The Relationship of Food & Mood

Most of us have days when we feel great: energetic, enthusiastic, clear-headed, content, and well-balanced. We also have those other days when we feel down: sluggish, unmotivated, forgetful, irritable, helpless, and hopeless.

Compelling scientific evidence shows that mental health and physical health are absolutely intertwined, and we now understand that the link between mood and nutrition is much stronger than previously thought. The prevention and management of many diseases rely on our genetic individuality, our environment, stress management, and healthy lifestyle habits – and nutrition is the foundation of a healthy body and mind.

Healthy eating habits can be challenging to maintain with our modern lifestyle, which can generate feelings of stress that can disrupt our good intentions, which in turn can affect our mood. Here are a few tips that will hopefully help you feel happier and healthier:

  • Don’t skip breakfast, and eat three well-balanced meals. Simply skipping breakfast is associated with lower fluency and problem-solving ability, along with lack of energy and motivation.
  • Eat good sources of protein. These include eggs, fish, poultry and lean meats. Protein consists of amino acids, the building blocks of neurotransmitters. Protein also helps stabilize blood sugar, which can interfere with concentration and mood when elevated (hyperglycemia).
  • Avoid high-sugar foods or refined carbohydrates, such as bagels, doughnuts, and other refined grain products, and cereals. Concentrated fruit juices have the same effect as drinking a soda.
  • Eat at least 8 servings of vegetables every day. Try to get all of the colors of the rainbow. One serving = ½ cup. See the website ewg.org to see the produce with the highest and lowest pesticide content to make the best choices.
  • Mind your dietary fats: Found in both plant and animal foods, these play a significant role in brain function. Omega-3 fats from foods such as fish, flax seeds, some eggs, and grass-fed beef have been shown to improve cognitive function and lower depression by reducing inflammation. Excessively low-fat diets, as well as diets high in processed foods, are linked to mood changes.
  • Choose beverages wisely: Drink plenty of filtered water to improve blood flow and keep your brain well-hydrated. Avoid sugary drinks or those with artificial sweeteners, colors, flavors, or preservatives. Limit or avoid alcohol, and limit coffee intake. Green tea has been shown to reduce anxiety and sharpen mental focus while relaxing the mind.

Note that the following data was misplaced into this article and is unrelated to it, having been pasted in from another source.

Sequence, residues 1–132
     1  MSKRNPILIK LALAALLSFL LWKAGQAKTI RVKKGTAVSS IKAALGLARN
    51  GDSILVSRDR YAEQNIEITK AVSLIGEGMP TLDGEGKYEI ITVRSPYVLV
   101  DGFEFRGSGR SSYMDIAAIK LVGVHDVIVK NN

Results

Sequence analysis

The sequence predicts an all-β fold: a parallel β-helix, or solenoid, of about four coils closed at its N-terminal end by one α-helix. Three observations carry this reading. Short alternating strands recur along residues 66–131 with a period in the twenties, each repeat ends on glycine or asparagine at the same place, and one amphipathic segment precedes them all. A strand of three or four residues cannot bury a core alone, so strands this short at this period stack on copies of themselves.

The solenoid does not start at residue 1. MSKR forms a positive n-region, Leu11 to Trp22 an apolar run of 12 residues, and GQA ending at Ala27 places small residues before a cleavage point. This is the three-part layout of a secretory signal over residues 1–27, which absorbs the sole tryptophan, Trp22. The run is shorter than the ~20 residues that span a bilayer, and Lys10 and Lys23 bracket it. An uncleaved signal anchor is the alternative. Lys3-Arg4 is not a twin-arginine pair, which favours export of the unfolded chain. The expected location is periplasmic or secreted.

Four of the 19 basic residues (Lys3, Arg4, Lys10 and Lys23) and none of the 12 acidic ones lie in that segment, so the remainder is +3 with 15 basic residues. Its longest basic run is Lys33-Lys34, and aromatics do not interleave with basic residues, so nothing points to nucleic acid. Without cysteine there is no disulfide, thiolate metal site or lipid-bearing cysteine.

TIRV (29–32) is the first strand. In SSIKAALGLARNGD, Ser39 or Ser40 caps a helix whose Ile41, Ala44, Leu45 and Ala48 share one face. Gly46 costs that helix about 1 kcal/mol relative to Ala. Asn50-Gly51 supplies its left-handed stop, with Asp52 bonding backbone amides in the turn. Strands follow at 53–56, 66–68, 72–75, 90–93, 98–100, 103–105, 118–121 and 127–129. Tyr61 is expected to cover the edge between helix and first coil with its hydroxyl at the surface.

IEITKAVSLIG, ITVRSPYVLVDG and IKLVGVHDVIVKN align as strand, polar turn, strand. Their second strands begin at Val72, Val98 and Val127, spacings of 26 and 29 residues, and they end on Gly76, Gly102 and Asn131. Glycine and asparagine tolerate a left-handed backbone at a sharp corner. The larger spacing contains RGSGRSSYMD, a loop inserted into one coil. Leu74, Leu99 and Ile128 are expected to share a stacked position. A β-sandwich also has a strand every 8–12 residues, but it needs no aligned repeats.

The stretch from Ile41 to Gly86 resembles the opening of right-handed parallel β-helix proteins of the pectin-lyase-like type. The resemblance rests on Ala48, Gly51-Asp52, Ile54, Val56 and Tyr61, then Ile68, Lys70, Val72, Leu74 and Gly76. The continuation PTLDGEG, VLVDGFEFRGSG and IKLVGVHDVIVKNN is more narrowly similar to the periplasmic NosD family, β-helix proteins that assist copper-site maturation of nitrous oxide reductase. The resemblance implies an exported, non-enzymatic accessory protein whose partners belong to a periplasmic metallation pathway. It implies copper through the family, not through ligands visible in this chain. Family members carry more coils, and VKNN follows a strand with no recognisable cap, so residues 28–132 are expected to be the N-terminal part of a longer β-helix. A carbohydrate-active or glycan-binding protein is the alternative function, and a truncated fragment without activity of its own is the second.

• Vitamins are key: Take a high quality, natural vitamin and mineral supplement daily. Many of the B vitamins such as B1 (thiamin), B2 (riboflavin), B6 (pyridoxine), folate, and B12 (methylcobalamin) have been shown to reduce the incidence of depression. Low levels of Vitamin D3 increase one’s risk of major depression. Also, low levels of magnesium, selenium, and zinc are linked to mood changes.

Will eating fast foods lead to an increased risk for depression?

Eating fast foods like hamburgers, sausages, and pizza, as well as commercial baked goods such as muffins, doughnuts, and croissants has been shown to be associated with an increased risk of depression (Sanchez-Villegas et al., Public Health Nutr. 2012).

Can you eat yourself into a bad mood in just two days?

A study with 44 college students at Penn State University revealed that the more calories, saturated fat, and sodium they ate, the more negative mood they reported two days later. The researchers suggest that the food causes mood shifts (Hendy, Appetite, 2012).  If you find yourself in a bad mood, look at what you are eating.

Can being bored drive you to eat?

Researchers at the North Dakota State University would say “yes”! In a sample of 552 college students, they discovered that those prone to being bored and lacking emotional coping skills led to inappropriate eating behavior, like eating when bored or in response to negative emotions (Crockett et al., J Health Psychol. 2015).

Is a Mediterranean diet protective against depression?

We already know that a Mediterranean diet full of vegetables, fruits, nuts, legumes, fish, and olive oil reduces inflammation and may be beneficial for heart health. A large study with 10,094 healthy Spanish people showed that eating a Mediterranean diet was protective for the prevention of depressive disorders (Sanchez-Villegas et al., Arch Gen Psychiatry, 2009).

Resources:
http://www.depressiontoolkit.org/news/food_and_mood_connection.asp
http://foodandspirit.com/food-and-mood/

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